‘Implant’ contraceptive launched to expand family-planning options

Leading from the front: Head of the Ministry of Public Health Department of Maternal and Child Health Dr Ertenisa Hamilton receiving the contraceptive implant yesterday at the GPHC.

The Maternal and Child Health Unit of the Ministry of Public Health is seeking to expand its available family-planning options with the introduction of new, long-acting reversible contraceptive for women.

The ‘implant’ Jadelle (levonorgestrel), comes in two Progestin-filled tiny, reversible rods, the size of which can be compared to a matchstick. As the name implies, the rods are inserted just under the skin of a woman’s arm by a certified health care provider under aseptic conditions.

Once inserted, this form of contraceptive provides highly effective protection against pregnancy for up to five years and boasts an average pregnancy rate of less than 1%.

As part of the plans to integrate this new contraceptive into its available family planning services, the Maternal and Child Health Unit of the Ministry of Public Health made the implant available yesterday at the new Maternity Wing of the Georgetown Public Hospital to interested women.

Director of the Maternal and Child Health Unit Dr Ertenisa Hamilton, who was there to receive the implant herself, told Stabroek News that the ministry’s decision to add a new contraceptive to its list of available options, came as a result of wanting women to have more options.

“One of the things about family planning is that the choice must be the woman’s, which means she shouldn’t make a choice because these are the only options offered by the system. The more options they have, the more you have available, the more effective you are in meeting the need of the actual patient, customer, consumer who comes for family planning services,” Hamilton added.

She stated that while the implant is long acting, it is also reversible, meaning the rod can be removed upon request, allowing the woman to conceive as normal, if so desired.

“If you are young and not ready for a family you can have it, just as if you have children and are not ready for more…,” she added.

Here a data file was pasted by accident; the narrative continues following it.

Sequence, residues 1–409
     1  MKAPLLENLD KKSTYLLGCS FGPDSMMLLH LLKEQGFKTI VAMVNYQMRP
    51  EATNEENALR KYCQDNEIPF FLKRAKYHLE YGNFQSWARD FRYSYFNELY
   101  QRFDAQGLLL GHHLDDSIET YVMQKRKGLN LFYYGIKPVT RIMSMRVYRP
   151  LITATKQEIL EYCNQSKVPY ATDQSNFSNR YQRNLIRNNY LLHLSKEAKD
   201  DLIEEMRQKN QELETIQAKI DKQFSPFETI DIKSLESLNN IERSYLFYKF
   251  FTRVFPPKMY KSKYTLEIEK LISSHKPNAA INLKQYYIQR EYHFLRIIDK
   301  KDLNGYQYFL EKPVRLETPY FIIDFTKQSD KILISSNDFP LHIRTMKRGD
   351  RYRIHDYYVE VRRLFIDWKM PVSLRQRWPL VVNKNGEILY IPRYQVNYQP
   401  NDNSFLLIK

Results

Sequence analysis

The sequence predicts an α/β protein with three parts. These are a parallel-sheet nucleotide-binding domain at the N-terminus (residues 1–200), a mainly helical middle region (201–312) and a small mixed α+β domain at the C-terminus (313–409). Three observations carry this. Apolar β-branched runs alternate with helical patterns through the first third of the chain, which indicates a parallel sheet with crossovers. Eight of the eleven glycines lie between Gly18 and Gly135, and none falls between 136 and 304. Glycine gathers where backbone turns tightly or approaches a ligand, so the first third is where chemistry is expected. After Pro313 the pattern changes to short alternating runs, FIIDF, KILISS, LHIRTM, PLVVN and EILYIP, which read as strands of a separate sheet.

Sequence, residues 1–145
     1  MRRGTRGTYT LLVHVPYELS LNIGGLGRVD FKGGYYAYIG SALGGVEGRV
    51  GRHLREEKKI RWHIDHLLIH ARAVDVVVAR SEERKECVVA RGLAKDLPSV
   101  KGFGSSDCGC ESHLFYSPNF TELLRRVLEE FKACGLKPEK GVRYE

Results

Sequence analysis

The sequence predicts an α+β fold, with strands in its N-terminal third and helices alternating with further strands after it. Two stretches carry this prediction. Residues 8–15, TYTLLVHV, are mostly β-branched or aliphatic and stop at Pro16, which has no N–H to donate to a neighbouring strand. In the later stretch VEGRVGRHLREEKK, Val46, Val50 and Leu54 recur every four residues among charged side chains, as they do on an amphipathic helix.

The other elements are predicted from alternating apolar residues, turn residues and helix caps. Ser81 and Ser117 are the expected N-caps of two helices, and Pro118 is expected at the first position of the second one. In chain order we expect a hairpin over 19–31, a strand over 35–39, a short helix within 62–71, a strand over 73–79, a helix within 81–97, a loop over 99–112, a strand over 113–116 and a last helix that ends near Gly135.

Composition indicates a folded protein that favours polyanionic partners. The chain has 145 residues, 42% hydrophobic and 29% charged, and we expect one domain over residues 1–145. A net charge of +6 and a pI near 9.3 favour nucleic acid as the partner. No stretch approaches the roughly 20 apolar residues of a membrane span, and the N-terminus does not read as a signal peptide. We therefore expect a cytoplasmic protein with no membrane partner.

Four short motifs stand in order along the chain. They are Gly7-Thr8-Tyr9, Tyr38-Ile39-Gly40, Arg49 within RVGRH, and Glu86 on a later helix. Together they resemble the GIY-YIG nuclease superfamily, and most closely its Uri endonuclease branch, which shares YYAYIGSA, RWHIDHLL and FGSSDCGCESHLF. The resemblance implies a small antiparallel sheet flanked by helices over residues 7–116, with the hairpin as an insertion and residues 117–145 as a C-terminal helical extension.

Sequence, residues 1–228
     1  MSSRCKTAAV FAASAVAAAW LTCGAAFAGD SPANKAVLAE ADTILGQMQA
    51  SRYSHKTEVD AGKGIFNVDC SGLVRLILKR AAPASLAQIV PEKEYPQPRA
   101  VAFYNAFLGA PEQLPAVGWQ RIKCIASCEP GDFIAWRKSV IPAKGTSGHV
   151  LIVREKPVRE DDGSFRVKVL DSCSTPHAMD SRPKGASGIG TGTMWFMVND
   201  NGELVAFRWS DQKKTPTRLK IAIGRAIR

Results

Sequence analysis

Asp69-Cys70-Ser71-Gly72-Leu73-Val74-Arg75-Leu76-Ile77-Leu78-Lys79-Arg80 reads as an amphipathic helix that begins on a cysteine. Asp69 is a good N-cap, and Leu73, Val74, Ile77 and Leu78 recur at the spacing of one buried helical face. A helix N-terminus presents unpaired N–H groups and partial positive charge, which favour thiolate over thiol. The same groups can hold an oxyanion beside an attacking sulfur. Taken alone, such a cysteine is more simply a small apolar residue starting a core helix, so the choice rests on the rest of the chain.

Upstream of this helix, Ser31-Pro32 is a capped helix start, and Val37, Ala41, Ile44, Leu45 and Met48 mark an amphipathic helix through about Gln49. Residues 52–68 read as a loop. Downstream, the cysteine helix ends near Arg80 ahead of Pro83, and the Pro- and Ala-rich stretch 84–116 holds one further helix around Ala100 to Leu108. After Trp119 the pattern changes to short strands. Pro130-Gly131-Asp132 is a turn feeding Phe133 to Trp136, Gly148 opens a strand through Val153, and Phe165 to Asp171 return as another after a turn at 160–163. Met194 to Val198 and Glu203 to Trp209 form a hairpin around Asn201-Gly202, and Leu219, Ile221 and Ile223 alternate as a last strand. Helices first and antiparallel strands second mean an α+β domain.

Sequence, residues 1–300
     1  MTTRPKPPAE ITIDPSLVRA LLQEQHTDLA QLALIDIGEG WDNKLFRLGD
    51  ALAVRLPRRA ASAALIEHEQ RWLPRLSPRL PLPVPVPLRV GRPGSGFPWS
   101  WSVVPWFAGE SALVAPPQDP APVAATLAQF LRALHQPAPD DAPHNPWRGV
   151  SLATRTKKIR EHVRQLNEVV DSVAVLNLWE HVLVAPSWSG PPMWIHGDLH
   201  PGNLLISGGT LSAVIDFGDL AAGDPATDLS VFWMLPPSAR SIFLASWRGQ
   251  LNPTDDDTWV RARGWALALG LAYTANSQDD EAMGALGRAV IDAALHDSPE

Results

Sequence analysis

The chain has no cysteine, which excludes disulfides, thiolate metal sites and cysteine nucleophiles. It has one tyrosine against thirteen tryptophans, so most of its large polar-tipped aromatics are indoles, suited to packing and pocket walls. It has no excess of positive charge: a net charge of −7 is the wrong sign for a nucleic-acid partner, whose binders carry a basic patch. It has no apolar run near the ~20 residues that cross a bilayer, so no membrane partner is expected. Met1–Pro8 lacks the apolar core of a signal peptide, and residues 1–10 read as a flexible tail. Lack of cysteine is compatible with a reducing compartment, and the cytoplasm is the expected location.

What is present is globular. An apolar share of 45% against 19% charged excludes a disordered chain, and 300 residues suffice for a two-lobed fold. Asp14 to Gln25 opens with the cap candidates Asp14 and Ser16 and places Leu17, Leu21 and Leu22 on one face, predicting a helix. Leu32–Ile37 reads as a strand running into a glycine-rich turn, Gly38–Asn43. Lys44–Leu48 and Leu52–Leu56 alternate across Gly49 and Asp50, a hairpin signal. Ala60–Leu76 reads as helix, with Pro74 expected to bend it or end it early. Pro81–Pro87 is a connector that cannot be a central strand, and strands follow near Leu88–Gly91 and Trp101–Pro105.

Additionally, she said women would be offered counselling before receiving family planning, in accordance with the ministry’s regulations, where possible side effects will be discussed as well as resolutions of same.

Important to note, however, is the fact that the contraceptive does not protect against sexually transmitted infections.

Meanwhile, Dr Mark Hathaway, an Obstetrician and Technical Advisor for Family Planning and Reproductive Health at Unity Health Care Inc in Washington and Senior Technical Advisor for Reproductive Health of Jhpiego, an international non-profit health organization affiliated with Johns Hopkins University, described the contraceptive as being the “one of the safest, simplest and effective methods” that is used internationally by women.

He explained that there are two type of implants. The one being used here, Jadelle, is a two-rod implant system. The other is a one rod implant which was designed by another company. He said both were similar in terms of their effectiveness and how they work.

The obstetrician explained that the primary mechanism of action of the implants include thickening cervical mucus, making it difficult for sperm to penetrate and preventing ovulation in about half of menstrual cycles.

He added that not only is the insertion of the rods painless, but they become effective almost immediately and the use of this method of family planning has been linked to a decrease in a high number of unintended pregnancies.

Commenting on the possible side effects of using this specific form of family planning, Hathaway explained the most common one to be the occurrence of irregular vaginal bleeding which is not harmful.

Additionally, Hathaway noted that unlike the propensity of the progesterone pill to cause a decrease in the bone density, the implant does not affect bone density.

“It is a historic moment at the GPHC with the first set of implants being done today,” the doctor shared, while stating that the first run at the hospital saw an average of 30 women visiting the institution to receive their implants.

Meanwhile, according to Hamilton, Hathaway’s presence at the hospital was due to him facilitating the training that was needed for the relevant members of staff. And while he is expected to depart today, the local team of health professionals will continue to work under supervision.

Later this month, however, a medical team will visit to certify the persons who would have completed the criteria according to their standards.

The Implant is being offered free of cost to interested women at the Guyana Responsible Parenthood Association (GRPA). However, Dr Hamilton said she envisions the new contraceptive becoming available in all regions within the next two years or less as part of the normal family planning services that are currently offered.

Meanwhile, the World Health Organisation has described long-acting reversible contraceptives such as implants and intrauterine devices as having have multiple advantages over other reversible methods.

Most importantly, once in place, they do not require daily or monthly dosing and their duration of contraceptive action ranges from 3 to 5 years.

Additionally, implants are registered in more than 100 countries, including the United States, Western European countries, as well as many middle and low-income nations. In 2012, the United Nations Commission on Life-Saving Commodities for Women and Children endorsed contraceptive implants as one of its 13 life-saving commodities.

The brand being used here, Jadelle, is not available for use in the United States.

 

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